Not only do they look timeless and classic in almost every kitchen, but wood surfaces are also quite easy to maintain when sourced from good manufacturers with high-quality finishes. Sealing them makes them more durable, although they will show some wear and tear over time. There is quite a wide variety in terms of prices, so it really depends on where you get them. Not to be confused with quartz, this highly precious and sought-after natural stone looks similar to marble and onyx.

Along with granite, quartzite is one of the most resistant natural stones to heat and scratches. It is often referred to as engineered quartz or engineered stone in reference to the sealing process applied to natural stone after it has been harvested. Quartzite countertops can be quite porous, so they're not always the best choice in high-use areas. Each surface is unique, and when it comes to stone such as granite or quartz, you may find that the appearance can vary even between different cuts of the slab.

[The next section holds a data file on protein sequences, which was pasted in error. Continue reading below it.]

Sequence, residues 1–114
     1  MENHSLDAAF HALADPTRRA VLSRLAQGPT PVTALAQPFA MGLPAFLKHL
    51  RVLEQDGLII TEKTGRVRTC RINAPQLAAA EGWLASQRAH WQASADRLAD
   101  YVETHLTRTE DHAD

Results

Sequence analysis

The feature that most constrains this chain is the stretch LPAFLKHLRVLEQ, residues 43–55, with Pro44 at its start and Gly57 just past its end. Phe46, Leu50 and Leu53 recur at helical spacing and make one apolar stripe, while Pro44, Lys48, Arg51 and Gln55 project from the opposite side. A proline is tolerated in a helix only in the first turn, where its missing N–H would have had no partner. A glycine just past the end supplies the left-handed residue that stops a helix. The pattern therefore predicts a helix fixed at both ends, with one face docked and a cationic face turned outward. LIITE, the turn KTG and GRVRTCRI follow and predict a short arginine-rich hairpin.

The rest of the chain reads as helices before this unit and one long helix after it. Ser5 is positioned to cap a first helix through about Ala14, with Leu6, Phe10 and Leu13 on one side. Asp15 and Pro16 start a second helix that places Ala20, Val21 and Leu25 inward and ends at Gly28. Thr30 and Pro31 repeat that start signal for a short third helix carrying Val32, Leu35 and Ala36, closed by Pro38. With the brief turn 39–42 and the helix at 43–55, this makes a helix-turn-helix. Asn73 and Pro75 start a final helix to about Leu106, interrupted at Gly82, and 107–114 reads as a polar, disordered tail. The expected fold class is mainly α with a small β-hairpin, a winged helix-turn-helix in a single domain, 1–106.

However, the characteristics that make each worktop unique are more than superficial. Feeling each countertop can also introduce a new look; after all, while it may be surprising, each material feels totally different. Different countertop materials will provide other aesthetic options. Synthetic options, such as laminated and solid surfaces, and natural options such as wood and granite, can vary significantly in appearance.

Taking the time to research each option down to the smallest detail and considering how it will look with your cabinets, walls, and even your backsplash will help ensure that you love the end result of your kitchen. Most mid-range to high-end kitchens use granite or quartz. Granite is one of the most popular options for kitchen countertops, with a particular favor towards high-end kitchens. Granite is a natural stone loved for its unique color, tones and grain.